What is Evidence and Types of Evidence

Evidence comprises anything that may be used to determine the truth of the assertion. The production and presentation of evidence depend on establishing on whom the burden of proof lays.

The judge or the jury decides if the burden of proof has been fulfilled. After it has been established who shall carry the burden of proof, the evidence is foremost gathered, collected and then presented before the court to determine its admissibility.KEEP READING

Primary and Secondary Evidence

Section 62 says that primary evidence means the original document itself. The evidence which is not secondary is primary.

Section 61 of Evidence Act says that the content of a document can be proved by two modes – primary evidence or secondary evidence.

It means there is no other prescribed method by law for proving the content of a document.
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Confession in Police Custody

The main issue of concern is whether a confession given to police officer is admissible or not, and what is the relevancy of confession given to police.

Section 25 of the Indian Evidence Act says that a confession made to a police officer is not admissible in the eyes of the law and cannot be proved against the person who made that confession.KEEP READING

Indian Evidence Act Summary

Year the Indian Evidence Act Act was passed- 1872
Date the Indian Evidence Act was enacted(meaning passed)- 15 March 1872
Date the Indian Evidence Act was commenced(meaning begin; come into action)- 1 September 1872KEEP READING

Indian Evidence Act’s four most important questions

The whole base of the Indian Evidence Act is pillared on four questions:
1. WHAT IS EVIDENCE GIVEN FOR?
Answer: Evidence is given for Facts (Facts in Issue and Relevant Facts)
Note that evidence is not given for Law.

2. HOW ARE THE EVIDENCE FOR FACTS GIVEN?
Answer: Evidence for facts is given orally called Oral Evidence or by proper documents called Documentary Evidence.KEEP READING

Evidentiary Value of Testimony of Accomplice Turned Approver

What is the evidentiary value of accomplice evidence?

R.K Dalmia vs. Delhi Administration, 1962

An accomplice was defined as someone who voluntarily co-operates with, and helps others in the commission of the crime. He is said to be ‘particeps criminis’ – a participator in the actual crime.KEEP READING

Retracted Confession Under Indian Evidence Act

What is Retracted Confession
A retracted confession is a statement made by an accused person before the trial begins, by which he admits to have committed the offence, but which he rejects at the trial.

Evidentiary Value of Retracted Confession
It is unsafe to base the conviction on a retracted confession unless it is corroborated by trustworthy evidence.KEEP READING

Direct and Circumstantial Evidence in Indian Evidence Act

Direct Evidence
It means any fact which without the intervention of any other fact proves the existence of a fact in issue.

Example,
A is tried for causing grievous hurt to B with a club. C deposes to the fact that he saw the accused, inflicting the blow, which caused the grievous hurt. The evidence adduced (mentioned, pointed out, cite as evidence) by C is direct evidence.KEEP READING

Difference between Public and Private Documents

1. Section 74 of the Indian Evidence Act defines public documents –

Documents forming the act or records of sovereign authority namely Parliament, Legislative Assemblies, official bodies, tribunals, public officers or any part of India or of Commonwealth or foreign country.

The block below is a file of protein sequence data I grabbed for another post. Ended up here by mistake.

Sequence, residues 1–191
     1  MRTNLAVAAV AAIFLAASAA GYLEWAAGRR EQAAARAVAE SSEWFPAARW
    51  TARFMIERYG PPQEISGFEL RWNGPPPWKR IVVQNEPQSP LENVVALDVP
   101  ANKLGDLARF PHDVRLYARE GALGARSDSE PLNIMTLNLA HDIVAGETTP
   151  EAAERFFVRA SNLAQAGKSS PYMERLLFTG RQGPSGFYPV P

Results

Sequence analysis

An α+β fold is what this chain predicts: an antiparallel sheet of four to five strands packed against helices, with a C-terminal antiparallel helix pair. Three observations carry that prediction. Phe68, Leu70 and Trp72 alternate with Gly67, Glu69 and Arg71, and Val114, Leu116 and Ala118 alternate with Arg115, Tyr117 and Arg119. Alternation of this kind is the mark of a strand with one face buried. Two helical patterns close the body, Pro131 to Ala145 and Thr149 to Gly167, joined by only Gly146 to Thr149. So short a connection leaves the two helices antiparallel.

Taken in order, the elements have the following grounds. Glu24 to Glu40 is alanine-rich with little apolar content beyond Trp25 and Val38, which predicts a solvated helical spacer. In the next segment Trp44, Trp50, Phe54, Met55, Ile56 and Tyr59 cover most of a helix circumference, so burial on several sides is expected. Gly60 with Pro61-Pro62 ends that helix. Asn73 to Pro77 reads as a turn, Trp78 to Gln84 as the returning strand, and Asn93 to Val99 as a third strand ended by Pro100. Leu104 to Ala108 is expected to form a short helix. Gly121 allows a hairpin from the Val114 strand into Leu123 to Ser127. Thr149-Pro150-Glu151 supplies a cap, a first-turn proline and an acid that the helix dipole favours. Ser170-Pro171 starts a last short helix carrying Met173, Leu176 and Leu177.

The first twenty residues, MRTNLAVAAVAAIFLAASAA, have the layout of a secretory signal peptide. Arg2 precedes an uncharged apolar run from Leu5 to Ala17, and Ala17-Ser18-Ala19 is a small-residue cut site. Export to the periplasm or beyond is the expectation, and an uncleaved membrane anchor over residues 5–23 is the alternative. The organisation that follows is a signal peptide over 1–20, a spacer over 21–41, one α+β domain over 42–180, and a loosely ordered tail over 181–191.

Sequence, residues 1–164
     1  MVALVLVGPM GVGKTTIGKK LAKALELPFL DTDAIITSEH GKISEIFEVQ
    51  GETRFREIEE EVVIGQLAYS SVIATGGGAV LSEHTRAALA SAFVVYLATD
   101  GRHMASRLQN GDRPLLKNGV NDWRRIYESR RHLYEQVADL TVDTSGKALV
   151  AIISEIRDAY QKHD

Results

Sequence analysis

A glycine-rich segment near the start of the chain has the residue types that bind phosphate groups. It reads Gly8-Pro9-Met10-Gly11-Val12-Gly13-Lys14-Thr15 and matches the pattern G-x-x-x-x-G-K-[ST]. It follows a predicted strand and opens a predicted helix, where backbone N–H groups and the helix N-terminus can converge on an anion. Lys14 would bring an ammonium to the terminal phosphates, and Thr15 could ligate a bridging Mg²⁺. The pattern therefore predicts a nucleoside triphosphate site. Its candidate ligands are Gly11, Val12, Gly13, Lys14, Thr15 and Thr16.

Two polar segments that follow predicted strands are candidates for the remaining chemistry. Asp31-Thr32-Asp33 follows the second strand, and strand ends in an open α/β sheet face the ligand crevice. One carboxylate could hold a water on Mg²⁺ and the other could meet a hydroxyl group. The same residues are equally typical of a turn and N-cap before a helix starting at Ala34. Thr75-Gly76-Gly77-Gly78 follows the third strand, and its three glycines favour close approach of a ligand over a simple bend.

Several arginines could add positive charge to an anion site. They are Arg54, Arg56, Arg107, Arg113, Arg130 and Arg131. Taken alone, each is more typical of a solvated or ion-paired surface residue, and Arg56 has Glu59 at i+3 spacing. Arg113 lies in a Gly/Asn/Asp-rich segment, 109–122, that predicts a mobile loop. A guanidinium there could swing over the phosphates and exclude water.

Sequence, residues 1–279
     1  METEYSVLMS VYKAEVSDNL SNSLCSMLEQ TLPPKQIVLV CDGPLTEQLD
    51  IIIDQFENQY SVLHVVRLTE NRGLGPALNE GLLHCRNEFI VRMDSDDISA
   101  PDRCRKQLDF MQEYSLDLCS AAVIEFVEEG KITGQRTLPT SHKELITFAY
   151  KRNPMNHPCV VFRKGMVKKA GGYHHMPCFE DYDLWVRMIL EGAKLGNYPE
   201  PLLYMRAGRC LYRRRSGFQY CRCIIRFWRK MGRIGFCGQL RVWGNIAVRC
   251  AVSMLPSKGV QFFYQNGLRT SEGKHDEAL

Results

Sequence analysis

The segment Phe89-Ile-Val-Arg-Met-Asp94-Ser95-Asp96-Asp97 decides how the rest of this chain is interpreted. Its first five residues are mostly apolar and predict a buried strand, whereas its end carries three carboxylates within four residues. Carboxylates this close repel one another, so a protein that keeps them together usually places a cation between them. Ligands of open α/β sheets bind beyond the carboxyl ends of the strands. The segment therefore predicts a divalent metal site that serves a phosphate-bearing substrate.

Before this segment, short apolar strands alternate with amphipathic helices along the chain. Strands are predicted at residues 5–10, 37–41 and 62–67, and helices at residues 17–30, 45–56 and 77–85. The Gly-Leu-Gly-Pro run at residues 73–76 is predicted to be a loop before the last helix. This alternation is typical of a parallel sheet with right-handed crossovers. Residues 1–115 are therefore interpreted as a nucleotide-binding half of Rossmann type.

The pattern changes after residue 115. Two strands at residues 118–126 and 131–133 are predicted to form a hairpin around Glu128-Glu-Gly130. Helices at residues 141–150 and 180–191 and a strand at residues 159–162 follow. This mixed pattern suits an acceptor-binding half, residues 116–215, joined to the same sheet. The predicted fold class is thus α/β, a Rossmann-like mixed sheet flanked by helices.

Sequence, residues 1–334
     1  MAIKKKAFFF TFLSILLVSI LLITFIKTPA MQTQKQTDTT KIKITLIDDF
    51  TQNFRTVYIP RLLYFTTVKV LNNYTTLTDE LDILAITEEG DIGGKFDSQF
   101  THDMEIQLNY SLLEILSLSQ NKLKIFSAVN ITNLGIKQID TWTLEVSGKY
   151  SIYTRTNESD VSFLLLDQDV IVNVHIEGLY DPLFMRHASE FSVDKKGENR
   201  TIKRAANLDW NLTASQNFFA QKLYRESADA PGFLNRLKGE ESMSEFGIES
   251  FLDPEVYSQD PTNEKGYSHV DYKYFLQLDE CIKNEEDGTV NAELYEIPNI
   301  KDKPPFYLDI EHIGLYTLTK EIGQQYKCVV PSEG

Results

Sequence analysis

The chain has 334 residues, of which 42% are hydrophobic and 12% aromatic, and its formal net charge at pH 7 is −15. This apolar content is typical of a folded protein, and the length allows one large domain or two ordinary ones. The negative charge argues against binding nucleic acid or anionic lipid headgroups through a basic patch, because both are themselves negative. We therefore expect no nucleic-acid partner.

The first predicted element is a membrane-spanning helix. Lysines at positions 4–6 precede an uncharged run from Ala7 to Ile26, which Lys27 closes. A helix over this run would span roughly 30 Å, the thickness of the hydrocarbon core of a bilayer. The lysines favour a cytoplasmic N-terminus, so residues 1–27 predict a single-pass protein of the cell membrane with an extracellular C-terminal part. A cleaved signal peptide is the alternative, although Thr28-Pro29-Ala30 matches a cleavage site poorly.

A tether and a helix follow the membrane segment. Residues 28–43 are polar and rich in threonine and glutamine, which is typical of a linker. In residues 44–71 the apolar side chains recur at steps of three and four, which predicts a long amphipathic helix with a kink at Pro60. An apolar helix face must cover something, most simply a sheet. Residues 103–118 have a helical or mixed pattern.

Section 75 says that all other documents other than public and private documents.KEEP READING

Differences between Ordinary Witness and Expert Witness

1. Expert witness gives evidence of his opinion that is the ground on basis of which he has given his opinion.
Ordinary witness is a witness of fact and gives evidence of those facts which are under inquiry.

2. The expert supports his evidence by the experiments which has been performed by him in absence of opposite party.
Ordinary witness is available to opposite party for veracity.KEEP READING

Important Sections of Evidence Act

Section 3 – Interpretation Clause.
Section 4 – May Presume.
Section 5 – Evidence may be given of facts in issue and relevant facts.
Section 6 – Relevancy of facts forming part of same transaction.
Section 7 – Facts which are occasion, cause or effect of facts in issue.
Section 8 – Motive preparation and previous or subsequent conduct.KEEP READING

1. Short title, extent and commencement. This Act may be called the Indian Evidence Act, 1872. It extends to the whole of India except the State of Jammu & Kashmir and applies to all judicial proceedings in or before any Court, including Courts-martial, other than Courts-martial convened under the ArmyKEEP READING

2. Repeal of enactments. This section was repealed by the Repealing Act 1938. Read Indian Evidence Act in a beautiful, systematic way. Read Evidence Act each section wise. Download beautiful, colourful PDF for Evidence Act.KEEP READING

3. Interpretation Clause. In this Act the following words and expressions are use in the following sense. Unless a contrary intention appears from the context- Court- Includes all Judges and Magistrates, and all persons, except arbitrators, legally authorised to take evidence. Fact- Fact means and includes- i) any thing, stateKEEP READING

4. May Presume- Whenever it is provided by this Act that Court may presume a fact, it may either regard such fact as proved, unless and until it is disproved, or may call for proof of it. Shall presume- Whenever it s directed by this Act that the Court shall presumeKEEP READING

5. Evidence may be given of facts in issue and relevant facts. Evidence may be given in any suit or proceeding of the existence or non-existence of every fact in issue and of such other facts which are declared to be relevant, and of no others. Note- This section shall notKEEP READING